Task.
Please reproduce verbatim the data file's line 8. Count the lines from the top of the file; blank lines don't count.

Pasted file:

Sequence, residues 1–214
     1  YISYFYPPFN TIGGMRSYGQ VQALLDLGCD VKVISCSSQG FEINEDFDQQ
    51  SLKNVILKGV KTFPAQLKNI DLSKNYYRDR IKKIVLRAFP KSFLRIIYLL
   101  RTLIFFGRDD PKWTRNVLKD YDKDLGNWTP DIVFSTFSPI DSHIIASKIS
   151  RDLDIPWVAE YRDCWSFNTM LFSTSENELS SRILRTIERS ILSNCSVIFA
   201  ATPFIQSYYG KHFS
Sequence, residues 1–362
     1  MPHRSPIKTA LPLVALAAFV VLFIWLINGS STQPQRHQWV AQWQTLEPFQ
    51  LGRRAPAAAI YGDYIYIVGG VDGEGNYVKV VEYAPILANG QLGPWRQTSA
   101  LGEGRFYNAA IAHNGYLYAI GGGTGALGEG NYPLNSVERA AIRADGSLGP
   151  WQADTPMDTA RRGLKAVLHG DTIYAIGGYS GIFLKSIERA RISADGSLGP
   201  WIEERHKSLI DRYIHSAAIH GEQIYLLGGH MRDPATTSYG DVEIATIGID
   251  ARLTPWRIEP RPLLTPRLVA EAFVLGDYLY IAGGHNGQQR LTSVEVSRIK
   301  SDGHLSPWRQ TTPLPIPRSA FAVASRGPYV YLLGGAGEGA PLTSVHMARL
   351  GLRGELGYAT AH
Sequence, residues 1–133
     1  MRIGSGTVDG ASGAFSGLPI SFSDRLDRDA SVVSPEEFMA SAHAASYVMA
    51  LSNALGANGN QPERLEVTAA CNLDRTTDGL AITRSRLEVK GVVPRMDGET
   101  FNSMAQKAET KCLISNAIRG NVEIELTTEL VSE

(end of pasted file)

     1  MPHRSPIKTA LPLVALAAFV VLFIWLINGS STQPQRHQWV AQWQTLEPFQ